Alarm.com, a provider of home/business security, video monitoring and automation services, has priced its initial public offering of 7M shares at $14 a share, implying a market valuation of about $627.9M. The stock will begin trading on the Nasdaq Global Select Market today under the ticker symbol “ALRM.”
Health care stocks, especially hospital operators, rose sharply yesterday after the Supreme Court ruled that Obamacare federal subsidies were legal. Fresh health care M&A chatter also followed the decision. New reports suggested Aetna (AET) is close to a deal for Humana (NYSE:HUM), while Zoetis (ZTS) finished the day up 12% on word that Valeant (NYSE:VRX) made a bid for the firm.
Among those who placed initial bids last week for GE’s (GE) health-care finance unit was the diverse group of Capital One (NYSE:COF), Apollo Global (APO), Ares Management (ARES), and Ventas (VTR), Bloomberg reports. The operation could fetch more than $11B. The unit’s sale comes as General Electric breaks up GE Capital by selling several lending businesses totaling roughly $200B in assets.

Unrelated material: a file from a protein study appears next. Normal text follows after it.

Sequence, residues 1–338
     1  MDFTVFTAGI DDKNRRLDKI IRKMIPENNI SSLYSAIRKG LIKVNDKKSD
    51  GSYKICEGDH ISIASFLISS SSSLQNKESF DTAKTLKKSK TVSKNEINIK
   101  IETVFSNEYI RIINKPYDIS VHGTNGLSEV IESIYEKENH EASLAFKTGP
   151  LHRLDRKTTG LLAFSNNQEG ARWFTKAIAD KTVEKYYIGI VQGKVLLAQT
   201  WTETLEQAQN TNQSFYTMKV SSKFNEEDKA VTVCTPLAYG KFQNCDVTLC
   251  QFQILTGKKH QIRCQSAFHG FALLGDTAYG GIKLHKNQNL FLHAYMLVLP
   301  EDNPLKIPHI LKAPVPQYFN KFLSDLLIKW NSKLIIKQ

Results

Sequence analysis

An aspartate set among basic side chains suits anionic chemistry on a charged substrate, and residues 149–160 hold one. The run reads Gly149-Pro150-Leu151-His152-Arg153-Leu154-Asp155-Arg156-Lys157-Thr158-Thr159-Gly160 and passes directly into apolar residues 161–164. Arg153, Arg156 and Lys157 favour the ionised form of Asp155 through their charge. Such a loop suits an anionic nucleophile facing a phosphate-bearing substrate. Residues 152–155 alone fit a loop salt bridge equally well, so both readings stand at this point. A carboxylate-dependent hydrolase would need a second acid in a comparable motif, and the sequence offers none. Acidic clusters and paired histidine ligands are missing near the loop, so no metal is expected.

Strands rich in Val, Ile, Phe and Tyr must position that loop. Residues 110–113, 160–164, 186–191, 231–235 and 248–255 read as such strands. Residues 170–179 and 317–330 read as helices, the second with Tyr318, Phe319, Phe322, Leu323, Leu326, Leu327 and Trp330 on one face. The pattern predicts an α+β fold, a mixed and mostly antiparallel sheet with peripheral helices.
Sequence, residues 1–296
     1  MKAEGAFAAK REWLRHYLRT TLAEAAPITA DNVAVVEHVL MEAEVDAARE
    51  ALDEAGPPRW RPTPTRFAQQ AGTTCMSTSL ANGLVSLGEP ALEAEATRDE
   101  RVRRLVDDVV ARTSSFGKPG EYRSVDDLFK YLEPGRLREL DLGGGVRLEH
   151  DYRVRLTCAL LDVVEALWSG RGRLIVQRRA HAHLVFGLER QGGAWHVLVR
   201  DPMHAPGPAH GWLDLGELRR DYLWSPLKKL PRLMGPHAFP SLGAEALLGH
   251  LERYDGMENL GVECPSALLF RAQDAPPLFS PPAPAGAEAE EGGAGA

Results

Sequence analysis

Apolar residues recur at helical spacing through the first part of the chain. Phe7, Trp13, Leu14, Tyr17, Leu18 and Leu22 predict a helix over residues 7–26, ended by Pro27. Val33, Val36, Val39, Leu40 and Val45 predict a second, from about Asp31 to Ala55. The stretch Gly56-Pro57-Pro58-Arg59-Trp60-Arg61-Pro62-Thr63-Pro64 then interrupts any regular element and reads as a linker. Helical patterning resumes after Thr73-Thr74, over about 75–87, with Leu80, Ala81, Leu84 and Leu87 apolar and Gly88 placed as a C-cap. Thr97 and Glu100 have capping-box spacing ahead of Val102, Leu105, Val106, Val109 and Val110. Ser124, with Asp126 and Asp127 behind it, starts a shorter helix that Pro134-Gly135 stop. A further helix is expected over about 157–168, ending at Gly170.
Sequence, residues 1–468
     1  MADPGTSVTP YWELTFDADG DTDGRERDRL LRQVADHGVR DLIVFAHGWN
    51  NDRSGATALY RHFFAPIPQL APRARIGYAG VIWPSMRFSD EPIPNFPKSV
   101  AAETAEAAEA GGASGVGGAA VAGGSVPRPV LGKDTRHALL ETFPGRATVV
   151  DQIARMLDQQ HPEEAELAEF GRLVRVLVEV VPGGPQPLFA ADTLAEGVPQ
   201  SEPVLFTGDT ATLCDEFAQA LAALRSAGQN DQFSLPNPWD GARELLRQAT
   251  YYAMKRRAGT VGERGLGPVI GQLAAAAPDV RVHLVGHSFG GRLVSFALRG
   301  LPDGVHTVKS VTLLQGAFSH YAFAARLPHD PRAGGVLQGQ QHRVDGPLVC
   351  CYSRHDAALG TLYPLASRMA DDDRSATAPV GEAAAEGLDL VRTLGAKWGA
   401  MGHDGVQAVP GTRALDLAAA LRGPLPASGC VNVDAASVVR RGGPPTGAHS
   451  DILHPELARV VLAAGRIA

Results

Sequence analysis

The Herbalife drama continues as a video dating back to 2005 reportedly displays CEO Michael Johnson bad-mouthing the company with criticisms one would expect to hear from Bill Ackman. Johnson is heard to say that success in Herbalife (HLF), was a “lottery ticket,” with few making it to the top ranks. In fact, he said, distributors had sometimes engaged in “false promises, claims, in hopes for product, for money, for recruiting, for customers, for pyramiding.”
Meanwhile, Honda has restated its financial results for the business year ended March, to account for the additional recall costs of cars equipped with Takata (TKTDY) air bags. Under U.S. accounting standards, Honda (HMC) revised its operating profit to ¥606.9B ($4.9B), from the ¥651.9B stated in April. The new figure represents a 19% decline from the previous year.